The Big Thaw frames the question of balkanization interestingly by asking “Are balkanized communities an internet or human problem?” I would like to go further, though, to ask: is balkanization really a problem? Do we really need the news to play the kind of “civilizing” role that it currently imagines for itself? Carey seems to point to a tentative alternative by referencing John Dewey’s notion of ‘inquiry.’
What would a public ritual of inquiry look like? I’ve considered this question in an earlier post (where I draw on Maury Povich’s Who’s Your Daddy? television show as an example of how contested objects can serve as public spectacle). For now, I’ll just say that my intuition is that this notion of inquiry as public ritual would look like a sports match does to sports fans — where people have an immense investment in their own side, but even more respect for the methodological procedures that decide which team has won. Even though fans might dispute a referee’s call, they would never go about literally believing that one or another team won, when they didn’t. How might investigations into factual accuracy (like the kind that factcheck.org conducts) become a more participatory spectacle where the drama of competing forces in the world gets resolved through debates about the methodological norms of research?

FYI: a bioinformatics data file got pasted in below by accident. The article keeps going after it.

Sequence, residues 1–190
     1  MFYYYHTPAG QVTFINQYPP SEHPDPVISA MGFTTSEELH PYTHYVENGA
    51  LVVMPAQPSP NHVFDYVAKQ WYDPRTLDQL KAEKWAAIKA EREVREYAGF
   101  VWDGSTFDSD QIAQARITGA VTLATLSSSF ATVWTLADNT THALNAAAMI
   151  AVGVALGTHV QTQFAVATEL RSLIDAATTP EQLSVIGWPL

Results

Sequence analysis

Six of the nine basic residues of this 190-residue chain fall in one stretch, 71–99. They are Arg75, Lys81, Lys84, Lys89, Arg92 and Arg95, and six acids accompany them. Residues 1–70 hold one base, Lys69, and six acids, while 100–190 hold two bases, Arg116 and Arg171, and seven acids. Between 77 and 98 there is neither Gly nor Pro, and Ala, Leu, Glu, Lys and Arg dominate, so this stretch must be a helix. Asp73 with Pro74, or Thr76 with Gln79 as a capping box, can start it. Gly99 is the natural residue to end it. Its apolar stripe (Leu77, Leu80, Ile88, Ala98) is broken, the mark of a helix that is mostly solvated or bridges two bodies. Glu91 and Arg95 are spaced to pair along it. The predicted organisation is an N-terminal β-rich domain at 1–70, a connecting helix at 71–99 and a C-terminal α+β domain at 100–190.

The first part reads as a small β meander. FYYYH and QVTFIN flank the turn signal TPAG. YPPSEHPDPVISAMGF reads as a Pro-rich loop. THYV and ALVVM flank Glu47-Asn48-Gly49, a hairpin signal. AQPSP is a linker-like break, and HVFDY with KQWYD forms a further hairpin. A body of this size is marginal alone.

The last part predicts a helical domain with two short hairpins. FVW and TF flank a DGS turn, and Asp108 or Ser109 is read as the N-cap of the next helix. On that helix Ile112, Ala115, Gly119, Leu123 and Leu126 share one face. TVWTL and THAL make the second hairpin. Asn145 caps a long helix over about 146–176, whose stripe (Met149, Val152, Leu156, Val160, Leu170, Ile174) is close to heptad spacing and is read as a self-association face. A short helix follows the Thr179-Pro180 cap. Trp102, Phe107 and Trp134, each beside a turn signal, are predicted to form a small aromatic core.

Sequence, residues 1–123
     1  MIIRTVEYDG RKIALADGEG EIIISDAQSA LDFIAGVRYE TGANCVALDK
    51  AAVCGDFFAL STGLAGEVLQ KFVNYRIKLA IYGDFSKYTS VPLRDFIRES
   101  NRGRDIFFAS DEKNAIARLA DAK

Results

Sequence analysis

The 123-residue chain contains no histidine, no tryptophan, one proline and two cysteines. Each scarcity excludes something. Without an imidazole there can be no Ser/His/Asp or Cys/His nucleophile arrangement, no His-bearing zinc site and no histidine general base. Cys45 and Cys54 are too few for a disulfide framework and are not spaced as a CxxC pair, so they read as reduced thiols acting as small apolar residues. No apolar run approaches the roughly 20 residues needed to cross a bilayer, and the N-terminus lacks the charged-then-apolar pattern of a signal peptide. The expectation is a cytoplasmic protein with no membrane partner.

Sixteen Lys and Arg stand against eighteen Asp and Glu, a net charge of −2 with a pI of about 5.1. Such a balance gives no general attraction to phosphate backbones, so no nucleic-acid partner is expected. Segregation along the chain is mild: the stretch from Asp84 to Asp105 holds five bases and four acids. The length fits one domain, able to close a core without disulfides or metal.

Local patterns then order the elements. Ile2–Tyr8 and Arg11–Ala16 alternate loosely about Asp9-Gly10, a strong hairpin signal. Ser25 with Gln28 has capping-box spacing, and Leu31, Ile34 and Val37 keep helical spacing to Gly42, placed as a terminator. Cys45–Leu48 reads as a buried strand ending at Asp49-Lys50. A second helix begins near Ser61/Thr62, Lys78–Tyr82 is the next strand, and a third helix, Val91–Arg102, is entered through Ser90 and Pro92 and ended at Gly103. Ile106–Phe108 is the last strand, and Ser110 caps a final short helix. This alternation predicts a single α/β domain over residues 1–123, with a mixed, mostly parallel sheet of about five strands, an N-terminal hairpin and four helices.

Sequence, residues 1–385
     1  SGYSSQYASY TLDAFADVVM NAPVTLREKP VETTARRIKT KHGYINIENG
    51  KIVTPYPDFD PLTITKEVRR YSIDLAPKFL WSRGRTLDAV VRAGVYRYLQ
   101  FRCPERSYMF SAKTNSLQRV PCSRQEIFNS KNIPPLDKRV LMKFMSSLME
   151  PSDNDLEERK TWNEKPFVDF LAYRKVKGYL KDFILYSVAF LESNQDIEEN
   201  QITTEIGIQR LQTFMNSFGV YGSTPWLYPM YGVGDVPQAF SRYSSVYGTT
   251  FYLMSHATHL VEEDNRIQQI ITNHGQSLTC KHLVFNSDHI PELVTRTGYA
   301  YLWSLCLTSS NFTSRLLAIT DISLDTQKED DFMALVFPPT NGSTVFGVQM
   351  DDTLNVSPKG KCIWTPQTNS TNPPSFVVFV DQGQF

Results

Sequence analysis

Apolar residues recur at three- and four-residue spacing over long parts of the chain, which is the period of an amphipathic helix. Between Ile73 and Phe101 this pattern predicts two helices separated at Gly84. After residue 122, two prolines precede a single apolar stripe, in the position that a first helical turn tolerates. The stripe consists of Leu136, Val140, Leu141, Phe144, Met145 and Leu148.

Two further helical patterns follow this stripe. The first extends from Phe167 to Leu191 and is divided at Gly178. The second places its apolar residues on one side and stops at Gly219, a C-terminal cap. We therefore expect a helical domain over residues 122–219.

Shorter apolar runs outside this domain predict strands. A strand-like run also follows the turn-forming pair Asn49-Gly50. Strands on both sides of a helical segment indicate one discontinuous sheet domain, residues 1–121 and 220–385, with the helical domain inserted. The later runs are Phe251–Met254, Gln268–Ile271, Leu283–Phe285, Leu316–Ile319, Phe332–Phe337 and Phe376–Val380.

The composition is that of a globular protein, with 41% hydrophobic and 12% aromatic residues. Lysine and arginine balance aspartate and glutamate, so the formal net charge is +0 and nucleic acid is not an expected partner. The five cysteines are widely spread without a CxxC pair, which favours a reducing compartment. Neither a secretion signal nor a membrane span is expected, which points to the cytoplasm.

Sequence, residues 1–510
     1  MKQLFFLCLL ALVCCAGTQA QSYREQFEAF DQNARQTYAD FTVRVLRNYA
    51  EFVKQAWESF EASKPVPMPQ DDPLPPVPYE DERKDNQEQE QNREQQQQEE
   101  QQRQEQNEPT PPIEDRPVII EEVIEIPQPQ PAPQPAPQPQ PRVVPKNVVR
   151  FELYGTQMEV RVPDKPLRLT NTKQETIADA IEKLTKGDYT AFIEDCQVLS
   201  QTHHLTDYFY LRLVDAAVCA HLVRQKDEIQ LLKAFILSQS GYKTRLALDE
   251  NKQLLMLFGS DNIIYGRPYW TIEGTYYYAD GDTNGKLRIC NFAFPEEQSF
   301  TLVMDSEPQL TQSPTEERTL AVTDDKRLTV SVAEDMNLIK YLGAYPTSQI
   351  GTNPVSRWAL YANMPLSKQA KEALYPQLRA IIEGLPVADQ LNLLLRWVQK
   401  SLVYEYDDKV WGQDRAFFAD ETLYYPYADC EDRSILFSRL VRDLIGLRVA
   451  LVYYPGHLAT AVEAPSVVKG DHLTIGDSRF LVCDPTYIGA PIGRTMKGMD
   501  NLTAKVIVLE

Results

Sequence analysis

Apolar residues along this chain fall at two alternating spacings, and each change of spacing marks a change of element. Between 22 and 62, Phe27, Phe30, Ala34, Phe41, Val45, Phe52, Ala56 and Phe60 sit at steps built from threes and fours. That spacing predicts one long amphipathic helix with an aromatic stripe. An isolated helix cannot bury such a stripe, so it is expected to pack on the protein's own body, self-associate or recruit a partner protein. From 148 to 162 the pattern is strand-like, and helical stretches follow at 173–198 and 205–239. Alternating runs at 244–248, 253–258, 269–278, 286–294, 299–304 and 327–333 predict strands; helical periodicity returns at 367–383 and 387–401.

In Public Media 2.0, the Jessica Clark raises interesting questions about how to measure success in the enabling of public life. “How do we know when a public has formed?”
New impact metrics might include: facts learned; conversations launched; mental frameworks changed; events held; policies proposed, endorsed, or challenged; videos shared; memes spawned; students involved; skills acquired; and submissions posted…. Do Media projects create a sense of trust and buy-in, making audiences feel as though they have a voice and can make a difference?
I would add to this list, that one sign that public life has been enabled might be that there are clear winners and losers in grand spectacles of inquiry, and that a larger public starts to have a shared vocabulary for articulating the methodological rules for inquiry itself.
According to Public Media 2.0, “The resulting platform would not be the only way or place for public media 2.0 to happen, but it would be a default location for engagement.” In other words, the methodological standards, normative work, and technological features of this default location would come to be accepted as social facts (in the same way that the outcome of a sports match is acknowledged as fact — even reluctantly).